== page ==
The Pompano lab is growing. We welcome 3 new Chemistry PhD students this fall: Jon Zatorski, Aditya Rane, and Sophie Cook. Looking forward to what they will accomplish in the coming years!
Prof. Pompano visited our friends at Virginia Tech in the Department of Bioengineering on October 30, hosted by amazing scientist Prof. Jenny Munson. So much interesting work going on at VT, including the immunomicrofluidics in the Jones and Li labs in Biology!
We are very proud of Andrew, Ben, and Jacob for publishing their method for fluorescent immunostaining of living lymph node tissue. Most available methods to label structures in tissue are intended for samples that have been fixed (i.e. killed). We showed that it is possible to get beautiful and informative images of tissue structure while the tissue is still alive, without perturbing key functions such as T cell activation. Check out their work in the Journal of Immunological Methods or on our Publications page.
Prof. Pompano hosted the ACS Women Chemist’s Committee for their annual Career Panel Event on October 4, 2018. We were thrilled to meet three highly successful chemists with all different career histories:
Dr. Bonnie Landy, co-founder and director of brewery operations at Winchester Brew Works in Winchester, VA. BS and MS in Chemical Engineering.
Dr. Linnette Watkins, professor and department head of Chemistry and Biochemistry at James Madison University. PhD in Chemistry.
Ms. Debbie Winetzky, applications chemist and product manager at BIO-CAT in Troy, VA. Over 20 years in the chemical industry across the country.
It was a great experience for the students in attendance. Many thanks for Dr. Stephanie Mabry for organizing!
The Pompano lab took a field trip to Chiles Orchard in Crozet to celebrate a successful summer. Lots of peach cobbler the following week. Yum!
We are thrilled to be the newest member of the UVA Cancer Center as part of the Immunology & Immunotherapy Program. We look forward to participating in the research of the center and being part of a community that seeks to find treatments and cures for such a devastating set of diseases.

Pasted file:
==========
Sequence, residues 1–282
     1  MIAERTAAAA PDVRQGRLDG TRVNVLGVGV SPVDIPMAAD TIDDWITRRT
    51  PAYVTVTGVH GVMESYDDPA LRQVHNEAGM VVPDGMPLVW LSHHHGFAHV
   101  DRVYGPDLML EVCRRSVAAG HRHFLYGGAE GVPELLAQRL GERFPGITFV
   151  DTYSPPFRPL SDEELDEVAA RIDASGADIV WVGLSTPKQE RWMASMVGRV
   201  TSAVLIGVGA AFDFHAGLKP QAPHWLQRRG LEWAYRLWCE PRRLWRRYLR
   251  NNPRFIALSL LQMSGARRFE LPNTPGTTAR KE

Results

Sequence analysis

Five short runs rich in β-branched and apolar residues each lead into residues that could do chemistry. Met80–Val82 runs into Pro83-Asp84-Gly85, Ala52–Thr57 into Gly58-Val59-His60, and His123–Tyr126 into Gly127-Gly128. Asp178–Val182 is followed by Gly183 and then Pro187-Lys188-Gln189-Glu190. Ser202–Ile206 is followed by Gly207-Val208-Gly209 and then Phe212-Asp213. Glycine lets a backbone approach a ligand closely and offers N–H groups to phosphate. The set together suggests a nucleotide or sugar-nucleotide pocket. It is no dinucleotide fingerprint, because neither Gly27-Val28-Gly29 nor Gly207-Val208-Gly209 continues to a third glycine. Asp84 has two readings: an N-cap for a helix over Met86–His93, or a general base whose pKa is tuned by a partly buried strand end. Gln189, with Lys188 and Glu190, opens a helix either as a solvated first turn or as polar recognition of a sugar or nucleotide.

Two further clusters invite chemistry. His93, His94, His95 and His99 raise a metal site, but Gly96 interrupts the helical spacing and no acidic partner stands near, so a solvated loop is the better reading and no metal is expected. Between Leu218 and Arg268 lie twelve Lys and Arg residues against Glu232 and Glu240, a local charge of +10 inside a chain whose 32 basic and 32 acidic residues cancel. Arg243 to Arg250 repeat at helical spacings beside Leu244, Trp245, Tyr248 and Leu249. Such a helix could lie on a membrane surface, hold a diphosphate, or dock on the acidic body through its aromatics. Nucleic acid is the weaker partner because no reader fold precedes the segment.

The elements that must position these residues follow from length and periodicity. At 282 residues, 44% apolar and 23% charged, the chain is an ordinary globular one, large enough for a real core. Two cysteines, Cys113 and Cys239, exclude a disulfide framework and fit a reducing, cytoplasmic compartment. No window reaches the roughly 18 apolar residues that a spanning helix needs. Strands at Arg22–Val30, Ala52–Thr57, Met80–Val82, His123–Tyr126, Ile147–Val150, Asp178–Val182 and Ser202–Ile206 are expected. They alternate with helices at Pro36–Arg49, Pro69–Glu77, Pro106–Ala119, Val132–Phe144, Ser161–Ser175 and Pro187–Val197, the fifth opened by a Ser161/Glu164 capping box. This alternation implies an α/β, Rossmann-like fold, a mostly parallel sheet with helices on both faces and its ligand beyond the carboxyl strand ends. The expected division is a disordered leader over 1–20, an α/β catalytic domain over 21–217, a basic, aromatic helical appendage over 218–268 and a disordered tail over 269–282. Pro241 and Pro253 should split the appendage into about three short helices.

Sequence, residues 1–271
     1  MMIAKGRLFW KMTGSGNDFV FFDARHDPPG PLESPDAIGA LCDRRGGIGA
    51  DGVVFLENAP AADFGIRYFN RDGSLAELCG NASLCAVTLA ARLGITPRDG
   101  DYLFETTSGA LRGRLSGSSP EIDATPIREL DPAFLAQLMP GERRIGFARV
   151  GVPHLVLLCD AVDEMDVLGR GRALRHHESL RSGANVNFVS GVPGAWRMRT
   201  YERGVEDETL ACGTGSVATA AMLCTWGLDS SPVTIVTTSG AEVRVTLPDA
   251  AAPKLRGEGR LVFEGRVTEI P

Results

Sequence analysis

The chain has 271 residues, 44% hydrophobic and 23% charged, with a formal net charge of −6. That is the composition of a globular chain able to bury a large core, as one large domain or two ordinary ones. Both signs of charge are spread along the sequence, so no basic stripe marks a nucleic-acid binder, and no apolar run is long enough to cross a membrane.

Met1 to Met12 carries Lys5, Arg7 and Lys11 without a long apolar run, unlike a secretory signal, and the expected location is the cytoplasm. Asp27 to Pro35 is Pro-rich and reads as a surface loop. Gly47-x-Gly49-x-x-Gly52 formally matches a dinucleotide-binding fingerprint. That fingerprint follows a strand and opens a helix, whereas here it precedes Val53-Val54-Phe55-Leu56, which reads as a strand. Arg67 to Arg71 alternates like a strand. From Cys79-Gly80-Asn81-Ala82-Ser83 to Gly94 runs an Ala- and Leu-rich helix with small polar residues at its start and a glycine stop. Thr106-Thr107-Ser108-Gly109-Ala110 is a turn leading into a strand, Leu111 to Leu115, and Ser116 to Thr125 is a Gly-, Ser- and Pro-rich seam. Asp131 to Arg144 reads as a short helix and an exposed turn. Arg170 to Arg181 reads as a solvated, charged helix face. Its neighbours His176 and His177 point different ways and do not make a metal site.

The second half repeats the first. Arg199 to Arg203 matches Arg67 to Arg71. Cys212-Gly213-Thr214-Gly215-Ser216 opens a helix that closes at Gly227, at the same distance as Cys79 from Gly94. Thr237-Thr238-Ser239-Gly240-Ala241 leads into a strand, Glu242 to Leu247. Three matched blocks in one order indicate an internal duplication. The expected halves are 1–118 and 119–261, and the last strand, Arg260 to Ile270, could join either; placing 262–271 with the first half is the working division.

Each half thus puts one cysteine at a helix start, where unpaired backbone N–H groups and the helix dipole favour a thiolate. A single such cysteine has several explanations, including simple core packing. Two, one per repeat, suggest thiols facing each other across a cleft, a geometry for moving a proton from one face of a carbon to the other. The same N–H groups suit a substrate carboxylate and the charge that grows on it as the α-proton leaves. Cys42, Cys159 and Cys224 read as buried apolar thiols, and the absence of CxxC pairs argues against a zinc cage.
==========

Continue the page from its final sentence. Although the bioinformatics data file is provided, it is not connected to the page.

The UVA Cancer Center is one of a prestigious national network of centers supported by the National Cancer Institute at the NIH.
I was very fortunate to be selected to participate in the NSF-funded Active Learning for Analytical Chemistry workshop, organized by Tom Wenzel of Bates College. Thirty faculty from all over the country met at beautiful Indiana University Bloomington and worked for four days on developing course materials to better engage their students. Many thanks to the facilitators and organizers for sharing their experiences and advice, and to the NSF Education division for funding the workshop. I look forward to applying these activities to my Analytical Chem course this fall.
“A Glimpse into the Chemistry of the Immune System”
It was a special honor to be invited to speak to UVA staff members at their annual professional development event in June 2018. Although the event was meant to inspire the attendees, in the end it was just as inspiring for me! Sharing our lab’s vision, goals, and progress with people from mostly non-science backgrounds, many of whom provide the daily support that make it possible, was a special privilege and a touching reminder of why I am here.
Professor Pompano was named an Emerging Investigator by Lab on a Chip, following publication of our article on a movable port for stimulation of slices of live tissue. What an honor! You can read the full interview here.
Congratulations to Meg Catterton for putting out a great paper. You can read about her cool SlipChip for movable stimulation of lymph nodes and other tissue slices online today in Lab on a Chip. This technology enables the user to move a microfluidic port to a desired location under a slice of tissue or 3D culture of cells, and deliver solution just to that spot. We hope it will be useful for many other researchers who are interested in local events in live tissue. Contact us if you are interested in testing it out!